One of the more troubling aspects of the global warming debate and the rush to legislate reductions in CO2 has been the surprisingly stability of the earth's temperature over the last decade (as the Heartland Institute has consistently pointed out). If global warming is occurring at a pace necessary to reduce emissions by 80 percent by 2050, and carbon emissions are the culprit, we should see temperatures increase consistently.
Now, new evidence suggests that mayber our models are wrong. A new study from Rice University questions how important carbon dioxide really is to climate change. According to report on e!Science News web site:
"No one knows exactly how much Earth's climate will warm due to carbon emissions, but a new study this week suggests scientists' best predictions about global warming might be incorrect. The study, which appears in Nature Geoscience, found that climate models explain only about half of the heating that occurred during a well-documented period of rapid global warming in Earth's ancient past. The study, which was published online today, contains an analysis of published records from a period of rapid climatic warming about 55 million years ago known as the Palaeocene-Eocene thermal maximum, or PETM.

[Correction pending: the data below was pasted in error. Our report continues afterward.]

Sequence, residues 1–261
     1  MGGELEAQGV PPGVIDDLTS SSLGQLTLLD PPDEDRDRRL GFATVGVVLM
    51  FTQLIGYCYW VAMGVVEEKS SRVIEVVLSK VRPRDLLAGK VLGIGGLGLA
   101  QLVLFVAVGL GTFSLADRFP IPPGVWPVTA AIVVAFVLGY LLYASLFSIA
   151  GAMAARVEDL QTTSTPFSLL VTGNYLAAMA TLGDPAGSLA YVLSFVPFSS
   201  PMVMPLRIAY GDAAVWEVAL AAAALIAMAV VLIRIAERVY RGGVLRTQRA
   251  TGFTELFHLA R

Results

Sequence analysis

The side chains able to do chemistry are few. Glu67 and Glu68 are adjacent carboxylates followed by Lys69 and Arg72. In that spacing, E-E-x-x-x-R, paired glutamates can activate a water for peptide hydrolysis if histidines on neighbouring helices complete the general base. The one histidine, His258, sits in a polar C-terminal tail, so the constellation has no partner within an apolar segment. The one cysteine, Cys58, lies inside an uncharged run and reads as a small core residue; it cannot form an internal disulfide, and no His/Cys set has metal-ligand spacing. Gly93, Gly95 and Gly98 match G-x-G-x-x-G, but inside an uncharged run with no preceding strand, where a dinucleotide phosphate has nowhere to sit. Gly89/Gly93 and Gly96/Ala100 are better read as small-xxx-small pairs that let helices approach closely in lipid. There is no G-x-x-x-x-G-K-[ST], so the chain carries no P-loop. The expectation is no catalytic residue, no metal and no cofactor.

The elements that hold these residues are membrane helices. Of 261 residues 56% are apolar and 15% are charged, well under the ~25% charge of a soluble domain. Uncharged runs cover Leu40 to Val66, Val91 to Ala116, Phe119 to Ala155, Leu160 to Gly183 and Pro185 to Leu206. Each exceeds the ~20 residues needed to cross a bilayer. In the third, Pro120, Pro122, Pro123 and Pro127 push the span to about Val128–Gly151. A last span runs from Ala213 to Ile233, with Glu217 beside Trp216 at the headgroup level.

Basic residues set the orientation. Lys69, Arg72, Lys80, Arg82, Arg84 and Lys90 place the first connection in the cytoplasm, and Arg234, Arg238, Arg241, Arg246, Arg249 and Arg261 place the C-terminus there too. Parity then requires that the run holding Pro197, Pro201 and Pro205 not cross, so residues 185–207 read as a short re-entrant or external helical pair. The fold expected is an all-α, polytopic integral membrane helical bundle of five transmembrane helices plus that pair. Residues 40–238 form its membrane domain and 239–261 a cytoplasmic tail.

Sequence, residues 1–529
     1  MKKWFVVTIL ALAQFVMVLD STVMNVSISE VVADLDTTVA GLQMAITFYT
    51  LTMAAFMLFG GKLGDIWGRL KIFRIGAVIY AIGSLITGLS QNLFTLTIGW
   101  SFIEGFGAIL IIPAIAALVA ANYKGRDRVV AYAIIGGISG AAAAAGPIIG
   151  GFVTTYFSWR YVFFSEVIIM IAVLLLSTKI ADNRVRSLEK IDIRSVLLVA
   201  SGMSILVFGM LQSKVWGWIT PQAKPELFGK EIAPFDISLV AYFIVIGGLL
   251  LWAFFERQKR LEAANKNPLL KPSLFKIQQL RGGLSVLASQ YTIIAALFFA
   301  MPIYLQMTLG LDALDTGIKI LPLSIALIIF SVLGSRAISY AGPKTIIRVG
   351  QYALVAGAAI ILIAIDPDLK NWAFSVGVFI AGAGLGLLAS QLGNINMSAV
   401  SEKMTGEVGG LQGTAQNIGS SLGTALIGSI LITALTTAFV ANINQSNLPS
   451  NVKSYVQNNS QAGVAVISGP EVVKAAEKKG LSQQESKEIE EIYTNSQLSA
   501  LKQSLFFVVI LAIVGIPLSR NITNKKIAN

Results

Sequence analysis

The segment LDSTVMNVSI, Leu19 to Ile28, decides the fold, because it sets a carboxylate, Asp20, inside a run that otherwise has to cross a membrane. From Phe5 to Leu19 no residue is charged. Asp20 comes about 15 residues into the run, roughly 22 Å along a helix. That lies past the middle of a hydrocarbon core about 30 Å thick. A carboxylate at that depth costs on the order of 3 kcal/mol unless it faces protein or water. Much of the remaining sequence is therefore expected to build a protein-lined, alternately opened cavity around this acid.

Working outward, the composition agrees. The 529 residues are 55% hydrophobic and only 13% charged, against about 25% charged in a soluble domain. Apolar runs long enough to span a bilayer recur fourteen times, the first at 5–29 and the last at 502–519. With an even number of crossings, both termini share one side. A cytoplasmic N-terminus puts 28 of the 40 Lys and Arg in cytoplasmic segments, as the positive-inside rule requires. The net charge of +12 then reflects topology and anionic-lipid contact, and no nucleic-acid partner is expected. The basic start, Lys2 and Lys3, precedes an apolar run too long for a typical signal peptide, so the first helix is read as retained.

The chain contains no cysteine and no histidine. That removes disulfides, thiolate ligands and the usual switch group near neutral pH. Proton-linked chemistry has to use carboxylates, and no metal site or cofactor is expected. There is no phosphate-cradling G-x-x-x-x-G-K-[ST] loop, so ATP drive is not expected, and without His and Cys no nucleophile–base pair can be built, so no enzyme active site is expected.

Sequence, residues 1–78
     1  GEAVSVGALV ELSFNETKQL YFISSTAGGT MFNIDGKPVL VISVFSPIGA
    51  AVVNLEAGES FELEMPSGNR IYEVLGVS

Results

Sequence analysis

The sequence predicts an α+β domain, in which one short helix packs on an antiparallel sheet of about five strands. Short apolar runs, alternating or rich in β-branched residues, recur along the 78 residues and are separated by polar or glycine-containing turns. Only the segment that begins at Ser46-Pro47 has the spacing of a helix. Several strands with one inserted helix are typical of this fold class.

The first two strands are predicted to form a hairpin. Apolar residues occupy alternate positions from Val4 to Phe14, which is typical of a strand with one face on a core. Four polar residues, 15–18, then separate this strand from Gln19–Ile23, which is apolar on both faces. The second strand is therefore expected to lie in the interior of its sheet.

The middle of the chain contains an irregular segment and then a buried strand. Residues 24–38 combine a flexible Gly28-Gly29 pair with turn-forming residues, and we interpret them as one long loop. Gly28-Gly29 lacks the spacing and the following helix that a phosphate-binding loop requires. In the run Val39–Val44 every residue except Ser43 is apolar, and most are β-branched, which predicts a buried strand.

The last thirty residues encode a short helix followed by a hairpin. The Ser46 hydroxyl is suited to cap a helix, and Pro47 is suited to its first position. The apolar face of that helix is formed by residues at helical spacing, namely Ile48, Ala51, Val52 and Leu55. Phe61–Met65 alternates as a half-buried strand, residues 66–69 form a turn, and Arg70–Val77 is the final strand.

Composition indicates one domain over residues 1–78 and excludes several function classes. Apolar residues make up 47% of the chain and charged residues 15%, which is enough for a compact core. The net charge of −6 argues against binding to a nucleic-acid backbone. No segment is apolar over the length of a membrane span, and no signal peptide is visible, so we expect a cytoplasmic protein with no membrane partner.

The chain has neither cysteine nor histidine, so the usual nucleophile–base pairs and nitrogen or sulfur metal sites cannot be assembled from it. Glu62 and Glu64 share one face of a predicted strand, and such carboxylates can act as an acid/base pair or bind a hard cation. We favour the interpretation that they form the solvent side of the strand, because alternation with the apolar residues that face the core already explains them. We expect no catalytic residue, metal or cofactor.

"In a nutshell, theoretical models cannot explain what we observe in the geological record," said oceanographer Gerald Dickens, a co-author of the study and professor of Earth science at Rice University. "There appears to be something fundamentally wrong with the way temperature and carbon are linked in climate models."
It's always struck me as more than a bit naive and arrogant to assume that our climate models have the accuracy to make the predictions advocates of radical carbon reductions claim. Theoretically, ten years of steady temperatures should buy us even more time to make the adjustments we need to.
Few people are asking a critical question: What is the downside of forcing life altering changes to lifestyles, technology, culture, and the loss of freedom implicity in proposed climate change policies if we are wrong about carbon's role in climate change, or climate change more generally?